d'Errico's enthusiasm for "Tanpopo" is clear from her careful combination of classic literature with original story and art, and the hardcover editions from BOOM! represent the latest step in creating a lasting work of art. However, d'Errico said her plans for the series don't stop there. "'Tanpopo' is my passion project. It started as a little 20-page book. I printed 100 copies that I signed and numbered. And now -- it's a series, it has a graphic novel series, it's on MTV Geek! There is merchandise, a vinyl toy -- it has gone beyond my imagination," she said. "But it doesn't end there: we are working on something really, really amazing, and it involves animation! You heard it here first!"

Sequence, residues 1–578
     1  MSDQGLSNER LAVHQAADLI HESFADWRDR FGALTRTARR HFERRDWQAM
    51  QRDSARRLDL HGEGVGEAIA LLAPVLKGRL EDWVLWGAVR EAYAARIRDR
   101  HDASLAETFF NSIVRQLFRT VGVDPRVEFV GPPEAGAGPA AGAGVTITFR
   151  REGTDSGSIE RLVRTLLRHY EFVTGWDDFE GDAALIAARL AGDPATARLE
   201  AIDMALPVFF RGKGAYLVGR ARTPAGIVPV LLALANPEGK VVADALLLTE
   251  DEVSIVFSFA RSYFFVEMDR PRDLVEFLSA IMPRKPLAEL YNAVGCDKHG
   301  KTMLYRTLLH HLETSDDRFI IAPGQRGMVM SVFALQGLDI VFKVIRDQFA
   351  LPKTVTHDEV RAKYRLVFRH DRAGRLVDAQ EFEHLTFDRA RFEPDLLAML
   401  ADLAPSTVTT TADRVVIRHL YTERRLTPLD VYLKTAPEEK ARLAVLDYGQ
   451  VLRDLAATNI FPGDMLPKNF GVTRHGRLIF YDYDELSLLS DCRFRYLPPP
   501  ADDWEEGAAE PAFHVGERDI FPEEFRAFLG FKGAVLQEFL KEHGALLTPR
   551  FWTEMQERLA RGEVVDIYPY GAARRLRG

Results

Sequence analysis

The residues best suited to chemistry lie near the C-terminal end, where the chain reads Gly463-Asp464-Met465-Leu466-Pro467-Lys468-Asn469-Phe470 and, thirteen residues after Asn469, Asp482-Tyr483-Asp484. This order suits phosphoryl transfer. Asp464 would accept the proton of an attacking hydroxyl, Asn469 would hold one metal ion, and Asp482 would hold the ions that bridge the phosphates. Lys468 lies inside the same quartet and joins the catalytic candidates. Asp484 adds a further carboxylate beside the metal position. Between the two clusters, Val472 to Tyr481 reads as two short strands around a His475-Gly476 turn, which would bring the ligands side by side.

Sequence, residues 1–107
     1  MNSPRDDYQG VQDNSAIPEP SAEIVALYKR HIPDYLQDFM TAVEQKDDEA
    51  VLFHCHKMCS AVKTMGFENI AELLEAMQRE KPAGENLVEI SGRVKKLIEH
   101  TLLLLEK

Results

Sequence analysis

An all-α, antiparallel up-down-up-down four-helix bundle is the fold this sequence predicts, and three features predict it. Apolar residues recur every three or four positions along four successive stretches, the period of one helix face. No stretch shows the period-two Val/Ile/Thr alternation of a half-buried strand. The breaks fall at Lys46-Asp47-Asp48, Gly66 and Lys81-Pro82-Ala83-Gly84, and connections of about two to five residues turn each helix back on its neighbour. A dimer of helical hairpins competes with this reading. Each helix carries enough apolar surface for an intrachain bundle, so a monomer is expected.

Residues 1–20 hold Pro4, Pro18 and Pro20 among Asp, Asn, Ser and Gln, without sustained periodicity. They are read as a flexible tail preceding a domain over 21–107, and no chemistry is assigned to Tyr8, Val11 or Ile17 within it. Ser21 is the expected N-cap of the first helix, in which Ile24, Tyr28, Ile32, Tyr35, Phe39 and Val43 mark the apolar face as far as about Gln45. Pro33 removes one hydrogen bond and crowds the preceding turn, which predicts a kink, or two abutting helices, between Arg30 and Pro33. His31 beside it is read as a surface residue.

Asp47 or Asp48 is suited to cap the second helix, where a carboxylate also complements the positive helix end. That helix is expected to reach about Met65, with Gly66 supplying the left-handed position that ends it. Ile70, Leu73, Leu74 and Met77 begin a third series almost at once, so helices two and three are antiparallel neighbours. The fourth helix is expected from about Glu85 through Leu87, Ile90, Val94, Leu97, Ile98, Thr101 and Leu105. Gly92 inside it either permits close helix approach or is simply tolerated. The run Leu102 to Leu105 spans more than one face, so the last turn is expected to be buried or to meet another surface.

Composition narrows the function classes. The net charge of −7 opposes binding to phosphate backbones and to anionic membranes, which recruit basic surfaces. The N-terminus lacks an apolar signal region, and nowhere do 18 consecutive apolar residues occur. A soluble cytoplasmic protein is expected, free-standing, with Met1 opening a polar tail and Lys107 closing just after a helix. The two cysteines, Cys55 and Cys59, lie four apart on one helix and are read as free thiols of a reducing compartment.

The first "Tanpopo" HC from BOOM! arrives in March.

Tags: boom! studios, tanpopo, camilla d'errico, adapia d'errico